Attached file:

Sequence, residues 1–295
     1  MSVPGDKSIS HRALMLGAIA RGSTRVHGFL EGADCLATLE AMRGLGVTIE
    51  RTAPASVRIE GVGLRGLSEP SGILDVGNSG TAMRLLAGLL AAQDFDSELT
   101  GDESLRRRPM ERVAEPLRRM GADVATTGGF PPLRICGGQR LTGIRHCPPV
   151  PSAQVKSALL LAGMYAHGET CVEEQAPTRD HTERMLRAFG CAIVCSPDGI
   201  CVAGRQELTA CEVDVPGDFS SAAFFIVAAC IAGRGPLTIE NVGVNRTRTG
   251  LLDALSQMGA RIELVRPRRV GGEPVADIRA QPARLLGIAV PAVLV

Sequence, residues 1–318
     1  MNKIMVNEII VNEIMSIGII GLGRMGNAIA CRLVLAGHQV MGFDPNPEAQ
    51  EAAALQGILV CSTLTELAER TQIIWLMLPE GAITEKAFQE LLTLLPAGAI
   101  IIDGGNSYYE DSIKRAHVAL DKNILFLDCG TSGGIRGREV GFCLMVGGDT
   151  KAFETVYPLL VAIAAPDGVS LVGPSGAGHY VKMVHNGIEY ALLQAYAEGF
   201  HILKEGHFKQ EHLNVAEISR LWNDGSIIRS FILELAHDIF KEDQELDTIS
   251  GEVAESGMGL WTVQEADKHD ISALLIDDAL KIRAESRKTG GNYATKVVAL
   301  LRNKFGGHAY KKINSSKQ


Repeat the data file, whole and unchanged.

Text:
Sequence, residues 1–295
     1  MSVPGDKSIS HRALMLGAIA RGSTRVHGFL EGADCLATLE AMRGLGVTIE
    51  RTAPASVRIE GVGLRGLSEP SGILDVGNSG TAMRLLAGLL AAQDFDSELT
   101  GDESLRRRPM ERVAEPLRRM GADVATTGGF PPLRICGGQR LTGIRHCPPV
   151  PSAQVKSALL LAGMYAHGET CVEEQAPTRD HTERMLRAFG CAIVCSPDGI
   201  CVAGRQELTA CEVDVPGDFS SAAFFIVAAC IAGRGPLTIE NVGVNRTRTG
   251  LLDALSQMGA RIELVRPRRV GGEPVADIRA QPARLLGIAV PAVLV

Sequence, residues 1–318
     1  MNKIMVNEII VNEIMSIGII GLGRMGNAIA CRLVLAGHQV MGFDPNPEAQ
    51  EAAALQGILV CSTLTELAER TQIIWLMLPE GAITEKAFQE LLTLLPAGAI
   101  IIDGGNSYYE DSIKRAHVAL DKNILFLDCG TSGGIRGREV GFCLMVGGDT
   151  KAFETVYPLL VAIAAPDGVS LVGPSGAGHY VKMVHNGIEY ALLQAYAEGF
   201  HILKEGHFKQ EHLNVAEISR LWNDGSIIRS FILELAHDIF KEDQELDTIS
   251  GEVAESGMGL WTVQEADKHD ISALLIDDAL KIRAESRKTG GNYATKVVAL
   301  LRNKFGGHAY KKINSSKQ